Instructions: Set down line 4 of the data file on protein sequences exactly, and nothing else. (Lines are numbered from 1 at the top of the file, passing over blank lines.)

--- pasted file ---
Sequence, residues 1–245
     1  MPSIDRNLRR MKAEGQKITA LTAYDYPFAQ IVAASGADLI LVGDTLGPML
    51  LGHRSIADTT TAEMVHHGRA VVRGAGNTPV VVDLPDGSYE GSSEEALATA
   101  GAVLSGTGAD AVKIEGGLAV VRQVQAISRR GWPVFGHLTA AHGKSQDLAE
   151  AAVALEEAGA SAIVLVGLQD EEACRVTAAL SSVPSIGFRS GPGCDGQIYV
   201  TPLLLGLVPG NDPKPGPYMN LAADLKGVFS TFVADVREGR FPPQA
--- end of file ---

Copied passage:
   101  GAVLSGTGAD AVKIEGGLAV VRQVQAISRR GWPVFGHLTA AHGKSQDLAE